The “Pure Abodes”; a name given to a group of Brahma-worlds, the five highest realms of form (rūpa loka):
- Avihā — “Durable gods,”
- Atappā — “Untroubled gods,”
- Sudassā — “Beautiful gods,”
- Sudassī — “Clear-sighted gods,” and
- Akaniṭṭhā — “Peerless gods.” (e.g., D.iii.237).
Non-returners (anāgāmī) are born there, and there they attain Arahantship. They are divided into twenty-four classes (See, e.g., KhA.182 f; of. PSA. 319; Vism.710).
Bodhisattas are never born there (SNA.i.50; BuA.224).
The Suddhāvāsā are described as “Buddhānaṃ khandhāvāratthānasadisā.” These realms remain empty for incalculable world-cycles when no Buddhas are born, (AA.ii.808; cf. MA.i.30).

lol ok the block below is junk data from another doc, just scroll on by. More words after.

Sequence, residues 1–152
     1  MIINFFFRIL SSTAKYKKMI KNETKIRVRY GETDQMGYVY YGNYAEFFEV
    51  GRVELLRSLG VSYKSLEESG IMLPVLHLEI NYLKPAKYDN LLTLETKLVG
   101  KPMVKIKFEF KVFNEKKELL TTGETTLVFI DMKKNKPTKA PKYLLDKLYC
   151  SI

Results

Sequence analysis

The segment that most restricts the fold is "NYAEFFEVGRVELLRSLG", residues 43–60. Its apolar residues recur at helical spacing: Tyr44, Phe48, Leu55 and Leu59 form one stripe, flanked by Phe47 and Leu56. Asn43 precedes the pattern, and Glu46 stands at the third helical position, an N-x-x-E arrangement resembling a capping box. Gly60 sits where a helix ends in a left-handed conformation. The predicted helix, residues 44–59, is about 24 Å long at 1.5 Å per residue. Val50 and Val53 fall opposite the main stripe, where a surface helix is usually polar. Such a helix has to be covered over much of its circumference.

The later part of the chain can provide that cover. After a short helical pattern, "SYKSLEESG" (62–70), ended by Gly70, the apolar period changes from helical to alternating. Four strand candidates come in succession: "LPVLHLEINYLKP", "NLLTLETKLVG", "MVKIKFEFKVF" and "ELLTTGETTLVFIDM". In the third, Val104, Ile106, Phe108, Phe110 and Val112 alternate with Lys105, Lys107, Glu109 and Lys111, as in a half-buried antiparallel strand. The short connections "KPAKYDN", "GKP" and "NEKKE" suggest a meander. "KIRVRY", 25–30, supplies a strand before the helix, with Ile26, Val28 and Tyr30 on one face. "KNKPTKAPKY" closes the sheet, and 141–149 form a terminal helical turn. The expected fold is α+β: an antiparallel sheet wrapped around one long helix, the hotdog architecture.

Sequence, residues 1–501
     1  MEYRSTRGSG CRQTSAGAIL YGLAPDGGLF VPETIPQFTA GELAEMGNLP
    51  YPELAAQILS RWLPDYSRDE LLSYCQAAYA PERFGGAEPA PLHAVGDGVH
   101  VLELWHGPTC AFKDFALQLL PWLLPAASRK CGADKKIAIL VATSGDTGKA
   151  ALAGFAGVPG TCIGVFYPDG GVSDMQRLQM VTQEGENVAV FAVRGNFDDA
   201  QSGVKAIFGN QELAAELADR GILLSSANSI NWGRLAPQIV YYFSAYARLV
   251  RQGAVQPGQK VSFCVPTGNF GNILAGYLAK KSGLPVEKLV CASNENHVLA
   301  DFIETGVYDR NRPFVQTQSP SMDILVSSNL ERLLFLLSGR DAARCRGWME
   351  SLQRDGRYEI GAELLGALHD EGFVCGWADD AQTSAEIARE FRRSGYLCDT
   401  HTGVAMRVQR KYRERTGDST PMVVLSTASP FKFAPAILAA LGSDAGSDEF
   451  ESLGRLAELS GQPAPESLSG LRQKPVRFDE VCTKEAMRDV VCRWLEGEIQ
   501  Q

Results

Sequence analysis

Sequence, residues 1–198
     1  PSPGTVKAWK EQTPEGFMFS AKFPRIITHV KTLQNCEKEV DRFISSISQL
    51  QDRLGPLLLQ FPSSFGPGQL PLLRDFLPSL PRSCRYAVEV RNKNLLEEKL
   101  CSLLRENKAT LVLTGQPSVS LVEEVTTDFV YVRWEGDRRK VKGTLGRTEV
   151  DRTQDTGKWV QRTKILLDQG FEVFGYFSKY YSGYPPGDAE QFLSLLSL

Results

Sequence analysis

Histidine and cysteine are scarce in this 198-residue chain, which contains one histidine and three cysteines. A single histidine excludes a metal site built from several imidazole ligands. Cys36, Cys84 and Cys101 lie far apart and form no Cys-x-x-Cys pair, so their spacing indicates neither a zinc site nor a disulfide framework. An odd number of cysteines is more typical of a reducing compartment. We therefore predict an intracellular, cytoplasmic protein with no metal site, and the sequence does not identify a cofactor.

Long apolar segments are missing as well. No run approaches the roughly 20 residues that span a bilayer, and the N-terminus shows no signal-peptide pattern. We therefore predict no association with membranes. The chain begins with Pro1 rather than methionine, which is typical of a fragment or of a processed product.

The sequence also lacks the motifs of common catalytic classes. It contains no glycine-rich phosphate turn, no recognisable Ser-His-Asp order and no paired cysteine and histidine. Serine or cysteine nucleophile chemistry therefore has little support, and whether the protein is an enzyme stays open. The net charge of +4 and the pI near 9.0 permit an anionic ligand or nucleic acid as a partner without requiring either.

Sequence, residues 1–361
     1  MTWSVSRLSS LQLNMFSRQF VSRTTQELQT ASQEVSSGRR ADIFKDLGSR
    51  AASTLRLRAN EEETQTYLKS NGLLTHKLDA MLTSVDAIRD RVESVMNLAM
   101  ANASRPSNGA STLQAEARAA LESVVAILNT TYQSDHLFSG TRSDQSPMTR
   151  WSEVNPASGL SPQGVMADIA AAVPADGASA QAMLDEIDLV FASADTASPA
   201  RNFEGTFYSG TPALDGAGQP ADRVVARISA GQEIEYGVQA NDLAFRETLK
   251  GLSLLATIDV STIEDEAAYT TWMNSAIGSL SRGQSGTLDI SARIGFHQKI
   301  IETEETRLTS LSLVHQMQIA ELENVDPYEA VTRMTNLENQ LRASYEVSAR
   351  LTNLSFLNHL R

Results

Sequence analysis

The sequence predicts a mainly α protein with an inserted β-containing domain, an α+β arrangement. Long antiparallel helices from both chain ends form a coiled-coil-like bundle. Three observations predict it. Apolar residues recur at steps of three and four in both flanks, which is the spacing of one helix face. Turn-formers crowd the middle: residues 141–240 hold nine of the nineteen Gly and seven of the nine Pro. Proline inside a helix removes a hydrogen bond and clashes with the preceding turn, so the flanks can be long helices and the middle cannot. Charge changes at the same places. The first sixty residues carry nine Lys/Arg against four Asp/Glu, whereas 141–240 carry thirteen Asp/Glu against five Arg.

The Buddha is mentioned as having visited the Suddhāvāsā (e.g., D.ii.50). When a Buddha is about to be born, the inhabitants of the Suddhāvāsā insert a knowledge of the signs of a Great Being in the Vedas and teach this among men in the guise of brahmins, calling such knowledge “buddhamanta.” Men learn it and are thus able to recognise a Great Being (MA.ii.761; SNA.ii.448). The inhabitants of the Suddhāvāsā know how many Buddhas will be born in any particular world-cycle by observing the number of lotuses that spring up on the site of the Seat of Enlightenment (Bodhipallaṅka) when the earth gradually emerges after the destruction of the world (DA.ii.411). It is the Suddhāvāsā Brahmā who provide the four omens that lead to a Bodhisatta’s renunciation in his last lay life. See, e.g., DA.ii.455 f.